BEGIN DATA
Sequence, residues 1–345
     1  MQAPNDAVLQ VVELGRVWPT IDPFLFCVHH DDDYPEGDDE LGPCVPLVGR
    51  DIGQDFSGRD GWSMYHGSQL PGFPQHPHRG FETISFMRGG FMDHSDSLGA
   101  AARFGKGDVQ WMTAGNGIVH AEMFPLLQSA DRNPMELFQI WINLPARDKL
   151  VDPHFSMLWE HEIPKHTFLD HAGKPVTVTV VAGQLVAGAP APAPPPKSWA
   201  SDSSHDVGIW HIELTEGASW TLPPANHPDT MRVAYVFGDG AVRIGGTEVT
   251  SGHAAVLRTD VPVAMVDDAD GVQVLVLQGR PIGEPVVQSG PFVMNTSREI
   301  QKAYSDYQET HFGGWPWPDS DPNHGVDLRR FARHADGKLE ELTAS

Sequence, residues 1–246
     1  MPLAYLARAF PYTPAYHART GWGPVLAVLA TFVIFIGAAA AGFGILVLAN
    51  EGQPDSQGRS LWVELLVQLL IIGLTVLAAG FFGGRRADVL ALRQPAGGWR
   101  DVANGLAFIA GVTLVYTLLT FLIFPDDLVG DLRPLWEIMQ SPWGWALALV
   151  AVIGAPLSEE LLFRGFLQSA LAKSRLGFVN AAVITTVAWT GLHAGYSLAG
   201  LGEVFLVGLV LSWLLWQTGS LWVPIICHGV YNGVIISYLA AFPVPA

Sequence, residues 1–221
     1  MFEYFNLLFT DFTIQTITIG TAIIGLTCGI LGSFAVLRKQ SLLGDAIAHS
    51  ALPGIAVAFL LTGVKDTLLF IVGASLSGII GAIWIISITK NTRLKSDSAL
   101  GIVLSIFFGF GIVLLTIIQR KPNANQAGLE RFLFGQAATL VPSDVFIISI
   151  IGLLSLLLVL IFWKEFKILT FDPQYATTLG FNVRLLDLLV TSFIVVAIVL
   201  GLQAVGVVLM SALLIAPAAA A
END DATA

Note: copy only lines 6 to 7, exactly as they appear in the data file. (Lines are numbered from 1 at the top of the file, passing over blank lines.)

   201  SDSSHDVGIW HIELTEGASW TLPPANHPDT MRVAYVFGDG AVRIGGTEVT
   251  SGHAAVLRTD VPVAMVDDAD GVQVLVLQGR PIGEPVVQSG PFVMNTSREI